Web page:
Any good gambler knows how to handle a loss. The saying is that the house always wins, which perhaps explains why it makes for such a sore loser on the few occasions that it actually falters. That was indeed the case at London’s Crockfords Club as arguably the world’s greatest poker player Phil Ivey ended up £7.7 million in the black – and was refused his winnings.
The incident occurred way back in August 2012 when Ivey was doing the rounds in a trip to London and stopped by Crockfords Club. Whilst most cards used in casinos are completely symmetrical Ivey shrewdly noted that the cards in use here were not, which had the potential to offer an advantage to gamblers.
Baccarat is a card game particularly popular among high-rollers, due to the opportunity for immense winnings (and, ergo, losses) in a short amount of time with many casinos offering special tables for exceptionally high stakes. Punto Banco is the most popular variation of baccarat and the game of choice for Ivey in this instance.
Baccarat is a chance-based game which pits the player against the dealer. Initially, two cards are dealt to each player. An 8 or 9 will bring the round to a finish, or if neither player has one then a third card may be drawn. If a player has a near miss of 6 or 7, they “stand” which is to say another card is not drawn. Anything totaling 5 or lower warrants a third card. If the player stands on 2 cards, then the banker will then follow in the same manner. However, if the player drew a third card, then some more complex rules come into play to determine the outcome of the banker’s hand, which essentially lead to them being more likely to draw if their total is low.
If a player were to somehow have an indication of the banker or dealer’s starting hand, it would provide a huge advantage in terms of bet sizing and how to progress – and this is exactly what Ivey managed to achieve. Sitting side-by-side with his accomplice Cheung Yin Sun, Ivey’s sidekick shrewdly requested that the dealer turn the cards “for superstitious reasons”. This technique is known as edge-sorting, and it allows the players to observe subtle differences in the patterns on the backs of cards to determine whether it will be a high or low number. Essentially, it turns the dealer’s hand face-up. In knowing whether the dealer had a 6, 7, 8 or 9, Ivey was able to sway the odds massively in his favor.
When asked to turn the cards for luck in Madarin the dealer thought nothing of it and, as is usually the case in casinos, obliged her high-rolling audience. Ivey took full advantage. Over the course of two days he pocketed a total of £7.7 million and was ready to walk away a richer man. Noticing what had happened, the casino refused to pay out such a hefty sum and instead returned only his starting stake. Phil Ivey promptly sued.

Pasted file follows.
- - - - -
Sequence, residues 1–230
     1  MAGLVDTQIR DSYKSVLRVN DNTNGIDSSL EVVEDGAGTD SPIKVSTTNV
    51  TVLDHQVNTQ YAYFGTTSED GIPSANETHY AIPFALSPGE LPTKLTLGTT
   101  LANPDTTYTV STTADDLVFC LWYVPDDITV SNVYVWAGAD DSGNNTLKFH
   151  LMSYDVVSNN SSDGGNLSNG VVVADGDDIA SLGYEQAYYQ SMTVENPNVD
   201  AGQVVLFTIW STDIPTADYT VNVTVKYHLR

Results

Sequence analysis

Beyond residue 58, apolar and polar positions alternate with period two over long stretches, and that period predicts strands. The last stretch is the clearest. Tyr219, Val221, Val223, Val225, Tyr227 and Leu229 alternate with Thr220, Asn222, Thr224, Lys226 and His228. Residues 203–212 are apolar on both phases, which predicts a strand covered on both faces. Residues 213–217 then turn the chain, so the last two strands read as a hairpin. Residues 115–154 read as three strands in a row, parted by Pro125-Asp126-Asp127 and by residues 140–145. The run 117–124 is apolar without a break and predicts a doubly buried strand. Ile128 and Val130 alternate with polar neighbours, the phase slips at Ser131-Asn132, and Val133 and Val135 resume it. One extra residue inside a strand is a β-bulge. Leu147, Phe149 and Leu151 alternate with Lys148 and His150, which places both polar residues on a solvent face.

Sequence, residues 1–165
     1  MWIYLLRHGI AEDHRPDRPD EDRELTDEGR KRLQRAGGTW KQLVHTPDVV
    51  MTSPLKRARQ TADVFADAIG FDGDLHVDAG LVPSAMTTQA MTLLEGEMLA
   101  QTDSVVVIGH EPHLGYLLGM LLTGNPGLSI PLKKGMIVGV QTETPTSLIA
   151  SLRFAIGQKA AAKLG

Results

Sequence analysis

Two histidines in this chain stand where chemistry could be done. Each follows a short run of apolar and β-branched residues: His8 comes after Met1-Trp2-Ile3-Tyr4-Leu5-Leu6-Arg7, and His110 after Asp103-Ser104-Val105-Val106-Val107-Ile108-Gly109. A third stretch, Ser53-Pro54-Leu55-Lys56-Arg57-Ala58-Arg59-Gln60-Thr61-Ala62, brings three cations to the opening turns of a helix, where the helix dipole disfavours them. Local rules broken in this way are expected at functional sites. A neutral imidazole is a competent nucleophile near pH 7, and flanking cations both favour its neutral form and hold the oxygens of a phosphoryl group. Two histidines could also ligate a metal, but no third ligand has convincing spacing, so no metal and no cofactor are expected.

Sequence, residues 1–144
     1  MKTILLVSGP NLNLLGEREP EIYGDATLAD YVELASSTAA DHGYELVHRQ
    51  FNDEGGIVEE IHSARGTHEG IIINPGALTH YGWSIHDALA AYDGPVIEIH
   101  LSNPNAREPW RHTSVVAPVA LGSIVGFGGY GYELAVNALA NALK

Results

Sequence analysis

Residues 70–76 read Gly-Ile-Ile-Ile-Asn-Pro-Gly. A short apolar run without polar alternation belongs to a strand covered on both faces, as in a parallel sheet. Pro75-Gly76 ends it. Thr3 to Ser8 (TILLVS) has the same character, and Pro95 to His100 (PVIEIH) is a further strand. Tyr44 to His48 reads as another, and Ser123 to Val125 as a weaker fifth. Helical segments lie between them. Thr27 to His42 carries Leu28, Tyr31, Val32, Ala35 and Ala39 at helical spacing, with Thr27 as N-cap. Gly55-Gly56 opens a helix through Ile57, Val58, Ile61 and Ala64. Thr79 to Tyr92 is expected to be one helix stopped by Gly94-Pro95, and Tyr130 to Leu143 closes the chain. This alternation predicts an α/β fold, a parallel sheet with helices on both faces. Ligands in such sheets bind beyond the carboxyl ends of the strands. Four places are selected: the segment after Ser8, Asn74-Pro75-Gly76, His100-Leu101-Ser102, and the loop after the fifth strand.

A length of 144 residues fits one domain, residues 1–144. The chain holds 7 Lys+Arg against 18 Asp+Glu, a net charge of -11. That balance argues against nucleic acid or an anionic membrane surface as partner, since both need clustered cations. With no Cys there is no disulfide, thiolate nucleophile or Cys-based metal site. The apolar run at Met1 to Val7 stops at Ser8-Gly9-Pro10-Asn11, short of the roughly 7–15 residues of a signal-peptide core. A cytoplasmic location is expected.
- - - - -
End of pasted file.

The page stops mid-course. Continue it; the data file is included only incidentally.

After two years, the judge has finally ruled against Phil Ivey, leaving a distinctly bitter taste in the mouth of the ten-time WSOP bracelet winner. It was a very controversial case and, far from questioning his tactics, many have weighed in to back Phil Ivey and blame the casino for its oversight. Vicky Coren Mitchell has made her voice heard as a fellow gambler well-respected on the poker scene, and summed up the fine lines of the case with aplomb: “The judge ruled that Ivey was cheating. I see a sting – maybe a con – but I’d say the house was outwitted rather than cheated.”
She went on to cite various examples of gambling instances where famous individuals simply paid up and learnt their lesson rather than throw their toys out of the pram, and suggested the casino should do the same.
“He didn’t smuggle in a set of loaded dice or x-ray specs; he didn’t mark the cards with his fingernails or bribe the staff. He just spotted something about the deck they didn’t spot. He exploited their readiness to give him special treatment because they anticipated fat losses. I believe the casino should have ground its teeth, tipped its hat, paid £7.7m for the lesson and stopped using asymmetrical cards.”
It is a fair point, and one worth considering. What exactly constitutes cheating in a casino? There are the obvious factors – some of the aforementioned examples as well as inside collusion – but when a player spots a way to tip the odds in their favour, why exactly is this not simply seen as astute play?
There are plenty of examples of sour grapes from losing casinos. Ben Affleck recently revealed that he has the ability to count cards and has made a very respectable amount of money from it, but at a cost. The Hard Rock Casino in Las Vegas banned him earlier this year after he racked up seven figures in winnings from blackjack. Affleck justifiably argued that there is no rule against counting cards and, whilst the casino couldn’t argue this, they still gave him his marching orders. It was never about the money with Affleck; in another instance, he won $140,000 in one sitting then gave the entire amount away in tips. Instead, he seemed irate at the casino’s ability to shoo away any gambler with half a chance:
“The fact that being good at the game is against the rules at a casino should tell you something about a casino.They don’t want you to have a sporting chance.”
Genting Casinos UK dodging a £7.7 million pay-out is just the latest in a long line of instances wherein the house has emerged victorious. If a man of Phil Ivey’s stature and financial backing is unable to walk away with the money he has earned, it seems that the only way to beat the casino is to rely on pure, unadulterated luck.